From New Scientist:
Imagine wearing a jacket or rucksack that charges up your mobile phone while you take a walk. Or a tent whose flysheet charges batteries all day so campers can have light all night. Or a roll-out plastic sheet you can place on a car’s rear window shelf to power a child’s DVD player.
Such applications could soon become a reality thanks to a light, flexible solar panel that is a little thicker than photographic film and can easily be applied to everyday fabrics. The thin, bendy solar panels, which could be on the market within three years, are the fruit of a three-nation European Union research project called H-Alpha Solar (H-AS).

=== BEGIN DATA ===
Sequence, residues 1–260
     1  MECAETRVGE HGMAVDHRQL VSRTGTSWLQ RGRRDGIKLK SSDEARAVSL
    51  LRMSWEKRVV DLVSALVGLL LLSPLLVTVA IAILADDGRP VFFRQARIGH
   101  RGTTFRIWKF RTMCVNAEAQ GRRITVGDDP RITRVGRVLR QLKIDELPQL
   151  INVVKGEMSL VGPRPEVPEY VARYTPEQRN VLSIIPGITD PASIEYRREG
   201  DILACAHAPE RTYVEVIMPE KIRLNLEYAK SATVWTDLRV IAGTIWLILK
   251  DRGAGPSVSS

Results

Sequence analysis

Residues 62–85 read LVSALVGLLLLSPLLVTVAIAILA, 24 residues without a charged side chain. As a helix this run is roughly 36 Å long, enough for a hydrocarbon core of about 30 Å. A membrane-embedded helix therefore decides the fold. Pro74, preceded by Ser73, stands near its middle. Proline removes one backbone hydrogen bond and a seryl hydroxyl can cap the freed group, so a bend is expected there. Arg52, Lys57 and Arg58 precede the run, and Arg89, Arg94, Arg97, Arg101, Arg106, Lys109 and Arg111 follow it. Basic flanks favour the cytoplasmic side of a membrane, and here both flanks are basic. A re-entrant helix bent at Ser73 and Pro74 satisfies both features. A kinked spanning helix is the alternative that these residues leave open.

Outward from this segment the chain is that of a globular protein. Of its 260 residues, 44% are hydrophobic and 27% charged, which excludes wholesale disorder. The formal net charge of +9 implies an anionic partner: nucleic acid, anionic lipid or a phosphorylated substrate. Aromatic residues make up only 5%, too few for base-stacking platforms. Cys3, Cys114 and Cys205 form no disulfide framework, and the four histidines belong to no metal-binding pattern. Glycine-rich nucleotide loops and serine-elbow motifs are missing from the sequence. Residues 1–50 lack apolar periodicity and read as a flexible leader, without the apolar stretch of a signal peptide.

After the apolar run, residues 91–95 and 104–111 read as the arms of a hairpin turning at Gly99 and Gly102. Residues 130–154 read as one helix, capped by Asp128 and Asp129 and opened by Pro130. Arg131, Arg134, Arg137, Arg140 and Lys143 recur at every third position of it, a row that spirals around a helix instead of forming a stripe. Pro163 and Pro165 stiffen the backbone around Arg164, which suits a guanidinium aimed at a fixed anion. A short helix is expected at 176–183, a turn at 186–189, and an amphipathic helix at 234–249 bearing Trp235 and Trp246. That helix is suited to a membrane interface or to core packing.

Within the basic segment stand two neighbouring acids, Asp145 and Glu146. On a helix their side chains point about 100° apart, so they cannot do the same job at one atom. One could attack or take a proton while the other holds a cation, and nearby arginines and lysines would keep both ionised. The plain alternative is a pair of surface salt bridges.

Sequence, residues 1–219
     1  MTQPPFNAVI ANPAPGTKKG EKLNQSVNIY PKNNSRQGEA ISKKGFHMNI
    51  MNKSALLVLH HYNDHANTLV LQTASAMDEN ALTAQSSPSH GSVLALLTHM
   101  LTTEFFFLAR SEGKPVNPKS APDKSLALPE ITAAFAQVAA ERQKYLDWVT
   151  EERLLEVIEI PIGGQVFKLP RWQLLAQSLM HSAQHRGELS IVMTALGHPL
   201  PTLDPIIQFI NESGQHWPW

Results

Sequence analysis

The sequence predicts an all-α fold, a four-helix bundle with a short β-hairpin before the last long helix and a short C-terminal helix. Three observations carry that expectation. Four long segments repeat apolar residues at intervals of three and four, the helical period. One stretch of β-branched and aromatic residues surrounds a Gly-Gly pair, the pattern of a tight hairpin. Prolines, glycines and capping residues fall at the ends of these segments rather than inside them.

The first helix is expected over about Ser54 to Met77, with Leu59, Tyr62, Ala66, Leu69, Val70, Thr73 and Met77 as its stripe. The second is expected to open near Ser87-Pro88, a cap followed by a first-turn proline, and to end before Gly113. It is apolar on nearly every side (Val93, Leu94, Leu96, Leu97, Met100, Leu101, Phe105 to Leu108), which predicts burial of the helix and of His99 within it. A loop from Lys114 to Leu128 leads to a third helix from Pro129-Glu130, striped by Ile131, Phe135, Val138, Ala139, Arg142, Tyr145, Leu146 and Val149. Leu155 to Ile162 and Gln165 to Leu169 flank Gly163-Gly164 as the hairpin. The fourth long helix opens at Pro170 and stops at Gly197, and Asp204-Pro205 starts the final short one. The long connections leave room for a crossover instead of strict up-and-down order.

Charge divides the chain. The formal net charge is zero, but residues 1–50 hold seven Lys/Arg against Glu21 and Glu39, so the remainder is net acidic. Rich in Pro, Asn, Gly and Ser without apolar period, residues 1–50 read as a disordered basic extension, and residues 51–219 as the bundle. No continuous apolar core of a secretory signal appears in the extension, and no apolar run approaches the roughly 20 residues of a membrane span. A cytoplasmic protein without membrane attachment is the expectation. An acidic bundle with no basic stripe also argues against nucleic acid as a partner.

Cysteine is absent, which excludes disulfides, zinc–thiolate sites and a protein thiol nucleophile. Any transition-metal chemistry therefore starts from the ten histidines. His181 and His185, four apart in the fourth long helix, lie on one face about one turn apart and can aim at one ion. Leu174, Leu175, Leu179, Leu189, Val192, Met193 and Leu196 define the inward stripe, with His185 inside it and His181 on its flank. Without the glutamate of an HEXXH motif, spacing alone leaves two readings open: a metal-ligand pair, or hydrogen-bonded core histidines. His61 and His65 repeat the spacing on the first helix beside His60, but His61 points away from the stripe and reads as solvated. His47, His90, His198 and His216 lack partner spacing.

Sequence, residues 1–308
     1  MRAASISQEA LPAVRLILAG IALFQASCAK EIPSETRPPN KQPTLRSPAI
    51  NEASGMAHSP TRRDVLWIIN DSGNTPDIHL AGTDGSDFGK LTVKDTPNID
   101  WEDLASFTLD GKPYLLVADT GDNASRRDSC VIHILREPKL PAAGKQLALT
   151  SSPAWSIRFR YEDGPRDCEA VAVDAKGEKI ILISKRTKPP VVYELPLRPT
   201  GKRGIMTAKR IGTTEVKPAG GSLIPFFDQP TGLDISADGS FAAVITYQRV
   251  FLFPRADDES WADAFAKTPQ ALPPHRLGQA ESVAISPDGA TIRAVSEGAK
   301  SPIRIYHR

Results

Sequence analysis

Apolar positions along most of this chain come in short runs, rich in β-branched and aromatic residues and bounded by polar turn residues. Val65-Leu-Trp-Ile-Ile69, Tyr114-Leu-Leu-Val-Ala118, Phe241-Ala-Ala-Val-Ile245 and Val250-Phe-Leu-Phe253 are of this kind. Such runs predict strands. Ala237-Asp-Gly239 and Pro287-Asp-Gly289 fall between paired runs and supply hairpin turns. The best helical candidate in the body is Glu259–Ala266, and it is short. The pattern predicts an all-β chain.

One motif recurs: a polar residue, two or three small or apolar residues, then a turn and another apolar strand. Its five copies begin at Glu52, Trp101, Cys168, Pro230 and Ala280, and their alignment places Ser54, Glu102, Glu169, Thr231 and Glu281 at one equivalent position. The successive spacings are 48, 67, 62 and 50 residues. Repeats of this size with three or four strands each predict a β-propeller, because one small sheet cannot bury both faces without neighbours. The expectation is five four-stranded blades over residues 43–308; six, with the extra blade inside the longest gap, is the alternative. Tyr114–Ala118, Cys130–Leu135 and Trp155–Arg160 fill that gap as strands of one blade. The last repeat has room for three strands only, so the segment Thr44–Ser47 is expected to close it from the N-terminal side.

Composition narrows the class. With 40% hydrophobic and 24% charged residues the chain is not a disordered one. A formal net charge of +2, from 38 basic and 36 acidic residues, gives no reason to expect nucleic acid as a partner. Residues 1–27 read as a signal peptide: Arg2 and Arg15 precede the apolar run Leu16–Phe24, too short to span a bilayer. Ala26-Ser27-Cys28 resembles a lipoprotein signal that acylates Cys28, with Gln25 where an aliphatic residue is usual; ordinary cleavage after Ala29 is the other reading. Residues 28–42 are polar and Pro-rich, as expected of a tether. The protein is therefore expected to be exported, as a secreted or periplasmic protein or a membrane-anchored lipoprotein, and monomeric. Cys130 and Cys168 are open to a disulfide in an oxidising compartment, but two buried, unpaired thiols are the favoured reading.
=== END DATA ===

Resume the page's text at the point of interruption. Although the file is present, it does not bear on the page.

The new solar panels will be cheap, too, because they can be mass-produced in rolls that can be cut as required and wrapped around clothes, fabrics, furniture or even rooftops. “This technology will be a lot easier to handle than the old glass solar panels,” claims Gerrit Kroesen, the physicist from Eindhoven University of Technology in the Netherlands who led the development team.